Publico Ristorante opened its doors at the Intercontinental Robertson Quay in December 2017, serving a raft of Italian classics such as a signature risotto “alla milanese” with saffron, pecorino and red wine or wood-fired pizzas.

Italian executive chef Marco Turatti’s plates are complemented by a curated wine and drinks list taking in full-bodied Tuscan Chiantis to potent Negronis, thanks to Asia’s largest collection of Amaris or bitters. Classic Italian sweet treats, such as Tiramisu, are always hard to pass up for dessert.

7. China Tang, Las Vegas

China Tang Las Vegas at the MGM Grand will introduce classic Cantonese cuisine amid glamorous surroundings.

MGM Grand

Las Vegas isn’t exactly short of dining options, but a newcomer set to fire up the woks early this year adds serious experience in Chinese cuisine to the city’s culinary portfolio.

China Tang Las Vegas at the MGM Grand is set to serve Cantonese cuisine, with influences from across China’s rich culinary map including Sichuan, Shanghai and Beijing.

Hong Kong-based Lai Sun, who own multiple Michelin-starred restaurants in Hong Kong and beyond, are responsible for the launch.

They’re bringing in executive chef Albert Au Kwok Keung, the youngest Chinese chef ever to win three Michelin stars at The Eight in Macau, to lead the kitchen. He and his team will craft classic dishes in glamorous surroundings.

8. Taihei, Phuket, Thailand

Taihei will offer sushi, sashimi and other Japanese classics from the hands of master craftsman Shiraishi.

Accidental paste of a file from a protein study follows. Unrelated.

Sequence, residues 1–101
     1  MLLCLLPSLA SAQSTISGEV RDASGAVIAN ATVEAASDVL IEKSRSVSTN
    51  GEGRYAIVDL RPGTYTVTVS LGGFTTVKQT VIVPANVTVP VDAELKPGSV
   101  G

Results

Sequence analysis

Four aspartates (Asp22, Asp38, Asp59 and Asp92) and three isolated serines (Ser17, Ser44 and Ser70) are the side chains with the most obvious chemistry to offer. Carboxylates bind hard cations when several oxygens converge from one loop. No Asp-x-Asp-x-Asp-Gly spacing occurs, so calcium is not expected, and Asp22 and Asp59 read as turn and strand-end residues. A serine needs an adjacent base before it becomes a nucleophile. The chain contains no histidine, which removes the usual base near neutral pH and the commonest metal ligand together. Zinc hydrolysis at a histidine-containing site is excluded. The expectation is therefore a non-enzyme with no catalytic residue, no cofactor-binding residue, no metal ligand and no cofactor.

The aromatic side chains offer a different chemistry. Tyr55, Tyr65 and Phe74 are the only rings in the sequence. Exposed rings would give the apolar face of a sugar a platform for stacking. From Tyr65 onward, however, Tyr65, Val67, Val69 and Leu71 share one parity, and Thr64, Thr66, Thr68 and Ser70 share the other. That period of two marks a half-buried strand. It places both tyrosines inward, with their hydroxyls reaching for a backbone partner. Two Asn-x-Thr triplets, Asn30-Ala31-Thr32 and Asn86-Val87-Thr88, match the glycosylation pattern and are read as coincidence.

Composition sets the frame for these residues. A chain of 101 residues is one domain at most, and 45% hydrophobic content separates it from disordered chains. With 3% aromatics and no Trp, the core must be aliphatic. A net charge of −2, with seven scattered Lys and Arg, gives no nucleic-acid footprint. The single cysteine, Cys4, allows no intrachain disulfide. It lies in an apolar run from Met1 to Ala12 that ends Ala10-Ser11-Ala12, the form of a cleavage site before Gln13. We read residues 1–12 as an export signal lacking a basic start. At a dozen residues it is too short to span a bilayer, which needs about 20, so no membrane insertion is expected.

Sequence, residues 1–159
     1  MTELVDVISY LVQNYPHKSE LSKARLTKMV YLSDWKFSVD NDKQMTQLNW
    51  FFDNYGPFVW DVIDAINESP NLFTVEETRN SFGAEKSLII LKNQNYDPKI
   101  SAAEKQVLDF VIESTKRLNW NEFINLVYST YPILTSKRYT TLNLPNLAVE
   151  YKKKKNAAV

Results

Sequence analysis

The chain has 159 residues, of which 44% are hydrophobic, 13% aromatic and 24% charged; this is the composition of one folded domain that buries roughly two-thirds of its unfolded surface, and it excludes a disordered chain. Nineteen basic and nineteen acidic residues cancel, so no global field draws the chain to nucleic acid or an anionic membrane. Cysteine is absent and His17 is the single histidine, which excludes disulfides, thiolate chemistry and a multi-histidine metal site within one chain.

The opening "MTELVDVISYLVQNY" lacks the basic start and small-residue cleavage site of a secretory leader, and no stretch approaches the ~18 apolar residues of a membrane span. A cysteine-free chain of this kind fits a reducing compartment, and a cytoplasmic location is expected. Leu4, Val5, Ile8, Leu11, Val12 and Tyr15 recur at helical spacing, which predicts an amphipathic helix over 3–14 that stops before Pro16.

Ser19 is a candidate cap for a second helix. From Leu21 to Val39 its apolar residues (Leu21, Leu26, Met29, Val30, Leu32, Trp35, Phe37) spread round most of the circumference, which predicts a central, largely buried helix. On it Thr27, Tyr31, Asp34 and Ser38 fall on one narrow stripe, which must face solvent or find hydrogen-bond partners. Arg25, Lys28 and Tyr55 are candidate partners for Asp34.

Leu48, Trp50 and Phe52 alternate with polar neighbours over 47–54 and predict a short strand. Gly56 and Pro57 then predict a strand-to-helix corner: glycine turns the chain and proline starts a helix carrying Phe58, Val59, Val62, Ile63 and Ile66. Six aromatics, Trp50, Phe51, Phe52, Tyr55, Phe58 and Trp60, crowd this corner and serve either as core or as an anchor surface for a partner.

Banyan Tree

Named after the Japanese word for “peace,” Taihei enjoys a suitably tranquil setting amidst the pools and greenery of the Banyan Tree resort on the Thai vacation island of Phuket.

It’s where Kyushu-born chef Shiraishi, who has more than 40 years of experience under his belt, will craft sashimi and sushi amongst other traditional Japanese dishes.

Yakimono dishes, namely those pan-fried or grilled such as gyoza, are another menu highlight, while for guests wanting to take their knowledge further, Shirashi will share his skills in sushi-making classes.

With a maximum of just 35 diners, Taihei’s focus is set to be on personal attention and culinary discovery.

Taihei, 33/27 Moo 4, Srisoonthorn Road, Cherngtalay, Amphur Talang, Phuket 83110, Thailand; +66 (0)76 372 400

9. Sensus, Dubrovnik, Croatia

With one of the finest views of the beautiful walled old town of Dubrovnik and the Adriatic Sea, Sensus at the Excelsior Hotel already had much in its favor even before the plates from chef Petar Obad were added into the mix.